Balinese hotel rebrands as ‘asylum’ from China’s gaming ban 

Artotel Group turns hotel rooms into hi-tech havens to appeal to gamers after China's government curtailed young people's screen time

With border restrictions and lockdowns enforced across the globe since 2021, the pandemic has had a severe impact on travel, with tourist-dependent economies such as Indonesia particularly suffering as a result. CNN reports that only 49 international visitors came to Bali, the Indonesian island, in 2021 – in 2019, there were 6.3 million.

Inspired by a gaming ban the Chinese government introduced in the summer of 2021, Southeast Asian hotel chain Artotel Group spotted a playful way to attract more international customers.

The measures barred gamers in China under 18 years old from playing more than three hours’ worth of video games a week – that is, one hour a day, from 8pm until 9pm on Fridays, Saturdays and Sundays and public holidays. The strict restrictions encompassed all devices including mobile phones, making the ban near impossible to circumvent from within China.

The campaign, created with Ogilvy Singapore, turned hotel rooms of its Sanur branch in Bali into Gamer Asylums. According to the brand, the concept rooms boasted high-speed wifi, and could be personalised and included a fully equipped gaming computer, gaming chair, headset, and preloaded games such as DOTA2 and Genshin Impact. The campaign ran between March and the end of June 2022.

The hotel chain advertised the campaign via ads on Facebook and Instagram as well as a promotional video with a time-lapse showing the concept room being set up.

Results / According to the case study video, the campaign generated a 535% increase in Chinese visitors and a 59.7% spike in room bookings. The campaign won a Silver in the Brand Experience & Activation Category at the Cannes Lions Festival of Creativity 2022.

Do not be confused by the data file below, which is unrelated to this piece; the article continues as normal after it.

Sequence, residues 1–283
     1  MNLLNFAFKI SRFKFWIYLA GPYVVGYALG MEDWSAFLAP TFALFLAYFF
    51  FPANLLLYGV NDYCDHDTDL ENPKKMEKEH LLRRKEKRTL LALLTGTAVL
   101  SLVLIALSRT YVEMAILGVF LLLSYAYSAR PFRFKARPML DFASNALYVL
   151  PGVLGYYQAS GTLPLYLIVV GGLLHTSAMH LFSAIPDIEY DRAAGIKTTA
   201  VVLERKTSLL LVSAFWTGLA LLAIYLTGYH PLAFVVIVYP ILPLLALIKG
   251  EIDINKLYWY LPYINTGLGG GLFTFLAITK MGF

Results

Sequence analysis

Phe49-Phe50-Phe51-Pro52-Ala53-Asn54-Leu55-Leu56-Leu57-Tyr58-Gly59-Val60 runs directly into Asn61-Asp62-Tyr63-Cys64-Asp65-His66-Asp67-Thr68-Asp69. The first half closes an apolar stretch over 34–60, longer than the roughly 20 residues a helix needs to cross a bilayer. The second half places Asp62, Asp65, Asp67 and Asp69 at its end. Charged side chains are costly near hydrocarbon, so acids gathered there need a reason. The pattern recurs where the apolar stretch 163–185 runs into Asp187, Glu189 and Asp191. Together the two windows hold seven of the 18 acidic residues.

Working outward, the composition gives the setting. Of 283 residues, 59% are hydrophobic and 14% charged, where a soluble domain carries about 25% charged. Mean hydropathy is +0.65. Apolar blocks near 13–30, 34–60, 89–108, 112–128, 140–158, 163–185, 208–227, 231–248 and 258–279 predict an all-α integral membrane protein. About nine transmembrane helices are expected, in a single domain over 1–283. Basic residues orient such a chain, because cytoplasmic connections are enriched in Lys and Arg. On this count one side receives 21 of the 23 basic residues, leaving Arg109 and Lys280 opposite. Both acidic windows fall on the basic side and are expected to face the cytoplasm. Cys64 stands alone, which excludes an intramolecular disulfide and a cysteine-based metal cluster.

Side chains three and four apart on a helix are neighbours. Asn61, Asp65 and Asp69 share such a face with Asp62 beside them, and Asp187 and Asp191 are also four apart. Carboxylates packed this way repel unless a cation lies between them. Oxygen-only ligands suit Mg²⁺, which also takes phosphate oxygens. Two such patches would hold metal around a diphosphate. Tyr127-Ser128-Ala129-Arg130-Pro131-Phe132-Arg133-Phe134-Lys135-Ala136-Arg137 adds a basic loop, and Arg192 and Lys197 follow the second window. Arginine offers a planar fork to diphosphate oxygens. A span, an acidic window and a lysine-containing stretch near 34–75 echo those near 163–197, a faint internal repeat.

Contagious Insight 

Problem-solving as a strategy / Identifying the plight of Chinese gamers, the Gamer Asylum initiative is a neat example of cultural fluency and quick thinking. Artotel spotted a difficulty in people’s lives and turned it into potential, crafting an experience that attracts a new type of guest, ones that wouldn’t necessarily think of travelling as an option. By reframing the nature of its offering, it honed in what its target audience, young Chinese people, really wanted – a haven to enjoy their hobby without restrictions. Instead of advertising the quality of its amenities or the attractiveness of its destination, the hotel chain brought two seemingly unrelated elements – gaming and travel – to get people to just stay in their room and play. Flipping the travel experience on its head like this really hit home, as seen from the resulting 535% spike in Chinese visitors. 

Something to experience / In 2021, authors Renée Mauborgne and W Chan Kim (Blue Ocean Strategy) told Contagious about how brands can move away from saturated markets (red oceans) and towards untapped areas where competition doesn’t exist yet (blue oceans). Speaking about identifying new growth opportunities, Mauborgne advises: ‘Uncover what limits the size of your industry and discover the ocean of non-customers you can unlock.’ In 2019, we reported on W Hotels’ extravagant room service menu option, promoting itself to mukbang enthusiasts and highlighting the chain as a place to have memorable experiences. Likewise, Artotel looked beyond appealing to seasoned travellers and typical tourists, and targeted its own particular group: Chinese gamers. The Gamer Asylum rooms turn Artotel into the destination itself, rather than Bali, and the tailored services exemplify how to grow appeal and attract new visitors. 

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